Much more to Table Mountain than ride to the top

Published Sep 17, 2017


Most of us have an idea of the Table Mountain. But, did you know this iconic area which falls under the Table Mountain National Park is a World Heritage Site and is managed by SANParks? Or that there is more to Table Mountain than a cableway ride to the top for a spectacular view of Cape Town and Robben Island?

The park has a world-class range of trails suitable for all - from the casual walker to the super- fit adventure hiker. But there are also a variety of other activities.

Hikes on the mountain are highly rated as outdoor activities by Trip Advisor and others. The most popular five are:

1. Lion’s Head Walk:

A spiral walk from Signal Hill Drive, below Lion’s Head and rated relatively easy. The view from the summit gives a sweeping 360° view taking in the city bowl; Devil’s Peak and the front face of Table Mountain; Twelve Apostles; the Atlantic seaboard, Camps Bay and Clifton to Sea Point and Green Point; Table Bay and Robben Island.

2. The Pipe Track Walk

The Pipe Track is named after a pipeline built to carry water from Disa Gorge in Table Mountain’s Back Table, via the Woodhead Tunnel through the mountain in Slangolie Ravine, to the Molteno Reservoir during the late 19th century. Starts at the junction of Tafelberg Road and Kloof Nek.

3. Platteklip to the Upper Cableway Station

Very vertical, this is the most direct route to the top of the mountain and very popular. The going is tough so it is not recommended for novice walkers. Don’t rush it, but stop along the way for views of Cape Town and Table Bay below. You can return by cable car.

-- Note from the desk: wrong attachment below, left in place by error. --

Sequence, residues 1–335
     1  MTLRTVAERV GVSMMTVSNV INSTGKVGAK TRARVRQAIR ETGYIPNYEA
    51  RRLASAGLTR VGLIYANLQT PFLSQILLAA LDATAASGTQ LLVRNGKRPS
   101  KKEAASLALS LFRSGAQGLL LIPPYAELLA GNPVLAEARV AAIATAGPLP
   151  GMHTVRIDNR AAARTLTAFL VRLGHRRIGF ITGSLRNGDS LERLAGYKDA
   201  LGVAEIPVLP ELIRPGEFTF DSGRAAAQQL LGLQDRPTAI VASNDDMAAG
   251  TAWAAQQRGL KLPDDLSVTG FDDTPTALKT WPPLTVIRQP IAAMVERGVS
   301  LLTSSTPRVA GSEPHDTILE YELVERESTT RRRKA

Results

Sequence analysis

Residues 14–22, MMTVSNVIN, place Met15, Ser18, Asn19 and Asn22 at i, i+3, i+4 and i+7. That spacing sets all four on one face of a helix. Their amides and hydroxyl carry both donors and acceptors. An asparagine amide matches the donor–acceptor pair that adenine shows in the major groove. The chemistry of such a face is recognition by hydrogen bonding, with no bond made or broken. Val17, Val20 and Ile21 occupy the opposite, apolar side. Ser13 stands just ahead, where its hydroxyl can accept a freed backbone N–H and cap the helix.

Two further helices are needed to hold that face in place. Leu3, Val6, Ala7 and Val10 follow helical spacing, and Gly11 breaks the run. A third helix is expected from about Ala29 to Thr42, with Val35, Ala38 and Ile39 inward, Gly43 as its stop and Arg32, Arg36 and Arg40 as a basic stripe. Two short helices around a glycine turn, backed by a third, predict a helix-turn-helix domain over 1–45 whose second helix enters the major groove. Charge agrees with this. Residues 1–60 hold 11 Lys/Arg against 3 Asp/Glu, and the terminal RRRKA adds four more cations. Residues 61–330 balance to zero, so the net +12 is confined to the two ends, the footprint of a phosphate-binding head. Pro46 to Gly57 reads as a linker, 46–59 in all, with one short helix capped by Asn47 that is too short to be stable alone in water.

4. Upper Cableway Station to Maclear’s Beacon

From the Upper Cableway Station, take the main path to the Western Table. Follow the trail but do not attempt in misty conditions.

5. Skeleton Gorge to Maclear’s Beacon (the Smuts Track)

This popular walk, especially in summer, starts at Kirstenbosch Botanical Gardens and follows Skeleton Gorge. It is a steep climb and includes a wooden ladder and rocky steps.

This park is one of the few that allow dogs. But do take note of restrictions around dog walking to minimise the impact of dogs on biodiversity of the mountain, including protecting indigenous animals.

The steep slopes that characterise much of the Table Mountain National Park make it ideal for mountain biking enthusiasts. 

Because of the high impact and potential negative impact, participants must respect the biodiversity of the park and stick to designated areas where this activity is allowed. 

Popular areas include parts of the Tokai Plantation and Silvermine (accessible from Gate One).

Other activities include hang-and paragliding. Again management is anxious to protect the environment and one must take care not to disturb raptors that may be nesting or breeding on cliff faces.

There are numerous designated launch areas including Lion’s Head and Silvermine.

Scuba diving, surfing, windsurfing, kite boarding and rock climbing are some of the exciting activities the park has to offer.

Visit for terms and conditions. 

For visitors seeking a more relaxed option, there are many picnic/braai areas. For more on the hikes and where to stay, go to

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